This is a very weird situation, and I wouldn’t recommend this approach unless it’s absolutely clear from the start that you’ve got incompatible visions, you’re respectful of each others’ events, and you don’t mind giving up the mama-daughter collaborative part of wedding planning.

    Dude and I are cool, we just refer to it as ‘taking the wedding on tour’.

    • Now THAT is amazing. That takes “give her her own project” to a WHOLE ‘nother level. And also, you get three parties! Win/win/win.

    • Can I ask, are you guys actually repeating the marriage ceremony three times, or are these Mama-esque events more like giant reception-y parties? I only bring this up because I have seen many couples get screwed when guests show up to the big fancy “wedding,” only to find out that the couple is already married- for example, hushed courthouse wedding months prior, then a pretend fancy wedding later when someone regrets not having a big blowout celebration. They may not say anything to your face, or even to your close family members, but they WILL talk behind your back if they didn’t know ahead of time that the actual marriage had already taken place. It’s really really insulting to take time out of your weekend only to find out that you’ve essentially been lied to, and I would hate to hear that it caused you guys drama, especially when you wanted the small, beautiful wedding in the first place ๐Ÿ™ Now if your guests will all know that you’re already married, then I would assume they’d have no problem with attending a kick-ass party in your honor! Just wanted to put that out there ๐Ÿ™‚

      • We aren’t repeating the wedding ceremony, but everybody knows when the wedding is happening, and that the parties are just that – parties!

        We’re live-streaming the teeny wedding ceremony itself so that any or all of our friends and family all over the world can tune in, if they like. And the only part of the Dude/BrideMama parties I’m overseeing is the wording of the invitations, so I can be sure nobody shows up thinking it’s the wedding itself.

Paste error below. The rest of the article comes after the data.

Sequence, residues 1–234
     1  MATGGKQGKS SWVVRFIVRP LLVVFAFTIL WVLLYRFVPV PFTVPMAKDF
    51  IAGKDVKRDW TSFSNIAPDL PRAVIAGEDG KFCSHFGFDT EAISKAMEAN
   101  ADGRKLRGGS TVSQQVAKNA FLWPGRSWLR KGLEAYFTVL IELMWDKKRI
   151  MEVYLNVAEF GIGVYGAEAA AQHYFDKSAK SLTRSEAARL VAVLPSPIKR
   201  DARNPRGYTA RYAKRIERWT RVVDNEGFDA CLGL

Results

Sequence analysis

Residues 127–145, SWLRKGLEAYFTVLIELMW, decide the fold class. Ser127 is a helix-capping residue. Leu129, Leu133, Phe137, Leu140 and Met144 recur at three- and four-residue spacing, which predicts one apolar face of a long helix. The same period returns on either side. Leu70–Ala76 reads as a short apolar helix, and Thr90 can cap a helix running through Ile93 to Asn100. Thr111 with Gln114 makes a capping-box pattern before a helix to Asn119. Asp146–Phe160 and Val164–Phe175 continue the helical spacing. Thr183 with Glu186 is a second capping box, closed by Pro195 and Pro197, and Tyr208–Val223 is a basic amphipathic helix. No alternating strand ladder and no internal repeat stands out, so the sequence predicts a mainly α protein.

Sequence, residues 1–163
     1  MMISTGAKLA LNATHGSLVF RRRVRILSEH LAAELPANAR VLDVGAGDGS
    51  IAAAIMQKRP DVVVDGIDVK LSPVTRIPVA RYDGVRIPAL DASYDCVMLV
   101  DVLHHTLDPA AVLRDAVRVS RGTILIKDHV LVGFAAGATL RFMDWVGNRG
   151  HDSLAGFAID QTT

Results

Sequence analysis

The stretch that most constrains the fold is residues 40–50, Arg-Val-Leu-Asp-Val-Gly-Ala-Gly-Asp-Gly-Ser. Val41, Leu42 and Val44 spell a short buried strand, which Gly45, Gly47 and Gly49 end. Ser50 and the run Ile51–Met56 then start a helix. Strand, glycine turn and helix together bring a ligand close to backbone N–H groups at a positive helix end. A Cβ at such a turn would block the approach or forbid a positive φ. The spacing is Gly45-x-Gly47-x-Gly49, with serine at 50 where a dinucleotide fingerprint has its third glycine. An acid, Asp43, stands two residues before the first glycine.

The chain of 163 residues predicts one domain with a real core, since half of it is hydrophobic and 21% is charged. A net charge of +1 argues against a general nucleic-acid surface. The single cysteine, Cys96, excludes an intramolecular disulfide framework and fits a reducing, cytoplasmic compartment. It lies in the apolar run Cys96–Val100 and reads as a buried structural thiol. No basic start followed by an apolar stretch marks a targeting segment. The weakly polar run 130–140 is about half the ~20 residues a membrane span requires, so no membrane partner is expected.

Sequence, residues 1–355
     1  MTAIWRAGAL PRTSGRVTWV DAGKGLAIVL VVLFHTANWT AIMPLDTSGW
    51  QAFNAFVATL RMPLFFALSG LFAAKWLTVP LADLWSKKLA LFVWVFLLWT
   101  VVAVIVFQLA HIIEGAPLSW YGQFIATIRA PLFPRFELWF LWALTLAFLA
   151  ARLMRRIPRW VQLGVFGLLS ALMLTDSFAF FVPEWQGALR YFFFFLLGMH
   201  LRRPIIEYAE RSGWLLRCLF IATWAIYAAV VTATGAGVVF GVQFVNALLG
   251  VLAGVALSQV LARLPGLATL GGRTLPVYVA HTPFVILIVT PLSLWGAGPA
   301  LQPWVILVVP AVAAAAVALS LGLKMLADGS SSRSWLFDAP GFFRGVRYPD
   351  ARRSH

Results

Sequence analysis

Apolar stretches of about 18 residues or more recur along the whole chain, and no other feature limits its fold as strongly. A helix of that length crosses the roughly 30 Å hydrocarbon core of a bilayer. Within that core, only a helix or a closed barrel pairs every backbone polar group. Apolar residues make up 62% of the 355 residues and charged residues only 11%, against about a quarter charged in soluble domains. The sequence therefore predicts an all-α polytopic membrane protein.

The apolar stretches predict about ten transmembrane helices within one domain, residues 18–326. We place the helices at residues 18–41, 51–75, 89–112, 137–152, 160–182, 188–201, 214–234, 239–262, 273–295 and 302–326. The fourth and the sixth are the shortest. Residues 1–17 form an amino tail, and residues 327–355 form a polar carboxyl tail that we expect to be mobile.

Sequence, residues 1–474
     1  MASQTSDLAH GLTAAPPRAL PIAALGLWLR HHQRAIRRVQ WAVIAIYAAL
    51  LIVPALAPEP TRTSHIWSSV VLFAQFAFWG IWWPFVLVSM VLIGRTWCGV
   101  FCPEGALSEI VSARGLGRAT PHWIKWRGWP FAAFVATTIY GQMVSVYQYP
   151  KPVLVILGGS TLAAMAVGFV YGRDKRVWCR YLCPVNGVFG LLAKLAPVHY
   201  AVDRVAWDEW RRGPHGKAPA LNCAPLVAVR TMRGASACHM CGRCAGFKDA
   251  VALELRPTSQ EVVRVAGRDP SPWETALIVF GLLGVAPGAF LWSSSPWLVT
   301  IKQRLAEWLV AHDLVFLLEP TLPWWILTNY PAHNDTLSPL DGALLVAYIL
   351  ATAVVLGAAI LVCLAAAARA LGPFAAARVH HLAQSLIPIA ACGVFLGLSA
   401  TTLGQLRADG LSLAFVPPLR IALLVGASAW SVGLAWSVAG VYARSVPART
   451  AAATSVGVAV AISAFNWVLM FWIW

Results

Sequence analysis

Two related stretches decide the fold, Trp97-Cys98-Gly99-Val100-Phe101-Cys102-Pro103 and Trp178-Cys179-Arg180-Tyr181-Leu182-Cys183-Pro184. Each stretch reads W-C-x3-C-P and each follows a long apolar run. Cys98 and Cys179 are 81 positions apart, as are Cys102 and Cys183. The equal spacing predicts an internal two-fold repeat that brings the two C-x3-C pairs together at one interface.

Multiple parties: solver of lots of problems, creators of others! ๐Ÿ™‚

        • In that case, that sounds like a truly lovely solution to an otherwise unpleasant situation! Live-streaming the ceremony is an awesome idea. Congratulations and good luck on your wedding!

    • when my late husband and i got married, we did exactly this. my family were all in NJ, his were mostly in lower MI and some elsewhere, and we lived in upper MI. we “eloped” to TN where our parents and siblings joined us to witness, then my family threw a party in NJ the following weekend, and his family threw one in MI the weekend after that. we gave our respective parents free reign on these events, except on the invitations (which i made). my mom wanted more input from me than my MIL, but that was ok, since it was their parties! it worked out nicely, even if it was a bit exhausting to be traveling for all that time.

  9. I, too, am wedding planning right now – for my zombie wedding next year. Both “bridemama” and “dudemama” are such great people and they really do just want to help, but I’m keeping details about the zombie aspect of the wedding somewhat secretive. Fiancรฉ and I are both playing the “We’re really busy with non wedding stuff, so we can’t really talk about this right now” card and it’s surprisingly working … 70% of the time. I really just wanted to comment on this article to say that the word “Momthulhu” made me laugh so hard. I love that.